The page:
If You're Rich, You Can Shoot A Walrus

Michael Sandel examines the inevitable corruption of ethics in a society where market mentality is pervasive in his new book What Money Can't Buy: The Moral Limits of Markets . . . and while you may have heard that hunters can pay 150,000 to shoot a black rhino in South Africa-- and that this seemingly vile practice has actually increased the endangered rhino's population manifold, because now it's worth it for South Africans to protect the creatures from poachers-- you may not have heard that you can pay an Inuit guide six grand and he will will allow you to shoot a walrus . . . the Inuits have a walrus quota and the Canadian government allows them to sell the rights to shoot the walruses to "hunters" . . . though it is hardly a hunt-- journalist C.J. Chivers describes this practice as "a long boat ride to shoot a very large beanbag chair," and if these anecdotes disgust you and you can't stand the fact that everything has a price on it, then perhaps you should move to Finland, where they want to preserve the moral rectitude of a speeding ticket-- they don't want the wealthy to view a ticket as a simple fee to be paid for the right to drive fast, they want the ticket to be viewed as a fine that is levied because you did something dangerous and wrong-- so when you show up in Helsinki traffic court, your ticket is a percentage of your salary, and so Nokia executive Anssi Vanjoki-- who earns seven million dollars a year-- was fined 217,000 dollars for driving 80kilometers per hour in a 40 km/h zone.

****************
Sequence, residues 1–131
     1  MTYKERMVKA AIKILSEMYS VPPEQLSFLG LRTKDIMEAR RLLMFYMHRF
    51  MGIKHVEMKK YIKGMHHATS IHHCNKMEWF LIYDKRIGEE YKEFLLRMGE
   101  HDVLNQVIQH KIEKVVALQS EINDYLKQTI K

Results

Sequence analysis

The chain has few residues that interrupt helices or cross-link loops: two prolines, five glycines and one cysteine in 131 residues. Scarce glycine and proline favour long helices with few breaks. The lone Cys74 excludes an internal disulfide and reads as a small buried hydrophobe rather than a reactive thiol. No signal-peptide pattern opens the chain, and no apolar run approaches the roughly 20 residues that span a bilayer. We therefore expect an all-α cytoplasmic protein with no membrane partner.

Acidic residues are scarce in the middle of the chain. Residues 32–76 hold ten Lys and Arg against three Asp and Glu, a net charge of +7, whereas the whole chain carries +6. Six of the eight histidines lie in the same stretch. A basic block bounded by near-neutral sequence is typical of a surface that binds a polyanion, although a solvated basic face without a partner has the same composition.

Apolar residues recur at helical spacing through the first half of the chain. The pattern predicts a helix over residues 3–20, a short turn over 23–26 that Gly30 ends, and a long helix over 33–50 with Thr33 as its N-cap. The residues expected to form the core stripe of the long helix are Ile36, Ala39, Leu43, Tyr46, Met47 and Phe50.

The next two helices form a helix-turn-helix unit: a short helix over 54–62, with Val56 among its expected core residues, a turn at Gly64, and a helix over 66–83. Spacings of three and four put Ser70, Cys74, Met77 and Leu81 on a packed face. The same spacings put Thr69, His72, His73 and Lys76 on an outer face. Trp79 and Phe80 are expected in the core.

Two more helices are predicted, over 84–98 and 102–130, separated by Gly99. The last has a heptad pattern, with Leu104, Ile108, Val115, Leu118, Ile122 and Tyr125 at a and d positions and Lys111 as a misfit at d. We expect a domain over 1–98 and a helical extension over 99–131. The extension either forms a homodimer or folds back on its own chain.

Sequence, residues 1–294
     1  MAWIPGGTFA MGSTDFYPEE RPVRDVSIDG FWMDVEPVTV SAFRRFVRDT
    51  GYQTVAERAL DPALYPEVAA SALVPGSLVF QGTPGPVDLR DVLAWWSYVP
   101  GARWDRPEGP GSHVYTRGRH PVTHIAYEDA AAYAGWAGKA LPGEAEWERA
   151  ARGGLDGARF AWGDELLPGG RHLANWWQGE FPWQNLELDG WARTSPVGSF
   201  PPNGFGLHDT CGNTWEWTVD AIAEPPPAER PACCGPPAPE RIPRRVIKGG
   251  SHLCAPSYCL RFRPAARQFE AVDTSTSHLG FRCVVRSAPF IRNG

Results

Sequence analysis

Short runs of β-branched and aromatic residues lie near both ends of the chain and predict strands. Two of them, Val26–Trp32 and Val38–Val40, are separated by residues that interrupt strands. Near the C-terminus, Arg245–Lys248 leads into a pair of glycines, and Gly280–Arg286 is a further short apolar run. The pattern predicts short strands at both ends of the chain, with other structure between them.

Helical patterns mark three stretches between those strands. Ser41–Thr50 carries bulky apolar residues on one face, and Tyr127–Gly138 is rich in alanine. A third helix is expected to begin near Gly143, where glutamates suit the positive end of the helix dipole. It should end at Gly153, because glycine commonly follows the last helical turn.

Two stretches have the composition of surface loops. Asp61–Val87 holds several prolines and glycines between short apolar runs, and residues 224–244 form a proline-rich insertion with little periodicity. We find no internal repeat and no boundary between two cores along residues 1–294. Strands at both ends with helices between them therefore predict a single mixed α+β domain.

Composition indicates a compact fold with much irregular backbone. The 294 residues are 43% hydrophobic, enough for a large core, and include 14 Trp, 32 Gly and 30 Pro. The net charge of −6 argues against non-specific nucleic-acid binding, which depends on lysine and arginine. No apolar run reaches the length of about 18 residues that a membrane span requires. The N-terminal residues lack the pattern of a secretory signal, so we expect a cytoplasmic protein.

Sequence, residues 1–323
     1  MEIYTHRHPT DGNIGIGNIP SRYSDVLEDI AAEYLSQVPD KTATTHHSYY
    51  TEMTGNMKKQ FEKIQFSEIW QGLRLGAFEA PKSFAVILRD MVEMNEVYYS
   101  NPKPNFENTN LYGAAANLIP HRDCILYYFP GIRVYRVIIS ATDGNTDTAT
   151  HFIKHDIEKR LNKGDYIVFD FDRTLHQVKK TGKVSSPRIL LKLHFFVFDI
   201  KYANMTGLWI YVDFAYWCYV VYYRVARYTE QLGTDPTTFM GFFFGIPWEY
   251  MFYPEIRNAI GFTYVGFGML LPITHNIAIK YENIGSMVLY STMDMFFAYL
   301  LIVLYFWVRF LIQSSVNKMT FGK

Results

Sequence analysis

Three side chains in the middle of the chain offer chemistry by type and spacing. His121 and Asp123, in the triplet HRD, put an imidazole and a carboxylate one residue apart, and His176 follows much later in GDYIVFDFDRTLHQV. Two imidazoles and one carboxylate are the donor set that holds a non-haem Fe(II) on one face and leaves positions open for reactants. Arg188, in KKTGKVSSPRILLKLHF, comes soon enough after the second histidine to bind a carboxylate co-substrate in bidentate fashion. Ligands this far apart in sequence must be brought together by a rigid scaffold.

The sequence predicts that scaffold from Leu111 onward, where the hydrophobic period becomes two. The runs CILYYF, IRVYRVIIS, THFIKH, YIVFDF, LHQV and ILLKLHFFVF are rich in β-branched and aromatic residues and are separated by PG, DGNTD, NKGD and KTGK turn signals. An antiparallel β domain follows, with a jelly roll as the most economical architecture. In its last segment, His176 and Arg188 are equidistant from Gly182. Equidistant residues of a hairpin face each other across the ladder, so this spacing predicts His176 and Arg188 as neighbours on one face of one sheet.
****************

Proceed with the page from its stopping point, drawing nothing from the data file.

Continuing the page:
zman said...

Is it better for the black rhino to go extinct than to allow people to pay to shoot a handful a year? I don't know the answer from a moral perspective. But giving out limited fungible individual property rights is an effective way to avoid the tragedy of the commons.

Whitney said...

No way -- extinction is the end, so black rhinos would rather take some miserable version of Shirley Jackson's short story "The Lottery" rather than go away forever.

Rhinos have no hubris, and neither should you.

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